A quick coffee gets your early-morning gym session started, and it’s common to see athletes with shaker bottles exiting the gym with a post-workout protein shake. But what about the time between the coffee and the protein shake? Should athletes be eating during the workout? If so, how much, when, and what should they eat to optimize performance?
These questions don’t have simple answers. While we accept that we will become physically tired during training, how do we know if we are getting tired more than necessary because we aren’t fueling properly? Could this lack of energy be fixed by fueling during our workout? Furthermore, how can metabolic tracking tools like continuous glucose monitors (CGM) provide feedback on energy utilization to optimize performance?
This article will dive into:
- How our muscles use fuel to perform
- Types of fuel
- When we may (or may not) need to supplement our body’s natural energy stores
- How ketogenic diets and intermittent fasting influence fueling strategies
- How a CGM can provide feedback to ensure you are fueling appropriately for your goals
What do you mean by “fuel”?
Calories are your body’s energy currency. Each macronutrient (carbohydrate, protein, fat) contains a different portion of energy. Each gram of carbohydrate contains 4 calories, each gram of protein contains 4 calories, and each gram of fat contains 9 calories.
Your first thought might be that fat is your best bet for athletic performance because it provides the greatest amount of energy for each gram. Unfortunately, it’s not that simple. Fat molecules take longer to dissociate and become available for fuel; carbohydrates, on the other hand, provide less energy but are available for use faster. Both types of fuel can be advantageous for performance when utilized appropriately. The key is to be efficient at using both fats and carbohydrates for energy. Your ability to flip-flop and efficiently use both of these forms of energy is termed metabolic flexibility.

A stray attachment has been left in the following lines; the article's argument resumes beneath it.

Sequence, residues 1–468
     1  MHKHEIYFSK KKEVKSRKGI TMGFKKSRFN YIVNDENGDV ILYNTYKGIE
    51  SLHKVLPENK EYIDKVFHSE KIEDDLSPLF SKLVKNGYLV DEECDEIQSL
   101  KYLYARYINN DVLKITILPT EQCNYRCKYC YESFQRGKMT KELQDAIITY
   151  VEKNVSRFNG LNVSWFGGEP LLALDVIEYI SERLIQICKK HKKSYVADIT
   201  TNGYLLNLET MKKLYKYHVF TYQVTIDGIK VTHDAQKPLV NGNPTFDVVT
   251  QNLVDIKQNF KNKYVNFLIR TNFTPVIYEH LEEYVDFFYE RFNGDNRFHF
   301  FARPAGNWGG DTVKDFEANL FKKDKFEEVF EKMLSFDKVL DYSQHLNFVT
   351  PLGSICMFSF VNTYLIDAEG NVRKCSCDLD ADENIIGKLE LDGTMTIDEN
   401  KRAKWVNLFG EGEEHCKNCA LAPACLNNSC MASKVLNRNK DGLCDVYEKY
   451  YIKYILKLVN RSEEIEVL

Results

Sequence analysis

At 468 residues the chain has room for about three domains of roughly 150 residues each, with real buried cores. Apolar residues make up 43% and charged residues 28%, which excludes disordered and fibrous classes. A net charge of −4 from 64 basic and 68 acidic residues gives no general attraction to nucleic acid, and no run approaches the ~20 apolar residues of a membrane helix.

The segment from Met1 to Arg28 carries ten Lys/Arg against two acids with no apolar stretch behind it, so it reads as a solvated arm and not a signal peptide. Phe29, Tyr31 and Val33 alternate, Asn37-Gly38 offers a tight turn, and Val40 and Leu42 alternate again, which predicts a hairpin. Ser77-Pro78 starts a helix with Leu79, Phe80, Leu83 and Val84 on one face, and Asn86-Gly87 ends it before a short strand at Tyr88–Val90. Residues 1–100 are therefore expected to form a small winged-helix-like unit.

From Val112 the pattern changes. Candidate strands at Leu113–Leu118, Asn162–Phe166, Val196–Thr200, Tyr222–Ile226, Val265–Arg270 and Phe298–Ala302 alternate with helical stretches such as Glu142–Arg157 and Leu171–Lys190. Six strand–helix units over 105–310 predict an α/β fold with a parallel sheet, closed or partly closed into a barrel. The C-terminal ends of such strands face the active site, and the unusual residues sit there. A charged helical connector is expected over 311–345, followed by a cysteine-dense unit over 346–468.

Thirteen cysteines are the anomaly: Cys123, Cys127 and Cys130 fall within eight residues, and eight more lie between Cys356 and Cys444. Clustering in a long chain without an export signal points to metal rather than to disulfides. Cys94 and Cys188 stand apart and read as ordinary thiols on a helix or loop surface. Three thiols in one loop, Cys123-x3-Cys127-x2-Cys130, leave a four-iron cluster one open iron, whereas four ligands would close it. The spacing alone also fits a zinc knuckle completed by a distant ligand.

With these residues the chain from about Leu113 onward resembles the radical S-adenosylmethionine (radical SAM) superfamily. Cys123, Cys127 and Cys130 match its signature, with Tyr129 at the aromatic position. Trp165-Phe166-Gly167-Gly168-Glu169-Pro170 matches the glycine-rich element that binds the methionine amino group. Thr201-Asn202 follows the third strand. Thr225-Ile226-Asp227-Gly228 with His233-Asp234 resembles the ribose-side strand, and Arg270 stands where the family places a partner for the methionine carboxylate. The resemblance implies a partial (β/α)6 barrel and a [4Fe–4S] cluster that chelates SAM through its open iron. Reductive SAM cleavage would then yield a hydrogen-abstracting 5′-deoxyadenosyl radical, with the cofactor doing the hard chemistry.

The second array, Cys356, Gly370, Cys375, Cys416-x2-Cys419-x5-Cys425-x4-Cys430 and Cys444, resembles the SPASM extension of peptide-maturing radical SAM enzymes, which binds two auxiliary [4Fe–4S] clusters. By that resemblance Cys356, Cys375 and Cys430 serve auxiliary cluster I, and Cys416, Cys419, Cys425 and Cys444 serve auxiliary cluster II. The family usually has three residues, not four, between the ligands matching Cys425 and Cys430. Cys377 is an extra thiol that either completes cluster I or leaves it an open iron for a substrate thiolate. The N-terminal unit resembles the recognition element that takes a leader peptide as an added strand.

What types of fuel are used in exercise, and how do they cause fatigue?
Fuel during exercise comes from, predominantly, three sources:
- Fat already in your body (stored fat)
- Glycogen (a stored form of glucose) stored in your muscle cells and liver
- Carbohydrates that you ingest before or during exercise
Stored fat is primarily used for low-intensity exercise, meaning exercise under approximately 60% VO2max (e.g., walking or a long easy bike ride). Minimal to no glycogen is used during very low-intensity exercise (less than 20% VO2max). As you increase in intensity, the proportion of glycogen used for fuel gradually increases, but fat is still the predominant fuel source for exercise under about 60% VO2max.
Your stored fat gives you the largest bang for your buck in terms of energy. You can exercise for hours at this pace since your body has a huge store of calories stored as fat, making fat a great fuel source for long sustained efforts. The caveat is that fat is primarily usable under intensities of approximately 60% VO2max. Thus, while you may be able to travel a long distance, you won’t be able to travel it at max speed.
Think of fuel source number 2, stored glycogen, as your reserve tank. Your muscles store glycogen, which can be broken down and used to contract skeletal muscle when you need it. Your liver’s glycogen “reserve tank” of stored glucose can be used to maintain adequate levels of glucose in the blood. While glycogen is a great source of quick fuel for sprints or a few short high-intensity efforts, these reserve tanks can only hold a certain amount of fuel. The average male (154 lbs) can store between 1600 and 2400 kcals of glycogen-based energy in the muscle and liver combined. That translates to about 10-15 kcals per pound of body weight. This amount of fuel will be significantly depleted after only about 90 min of high-intensity exercise. What happens if your high-intensity exercise or competition is longer than 90 minutes, or if you start your athletic event with depleted glycogen stores?
In that scenario, you have two main options: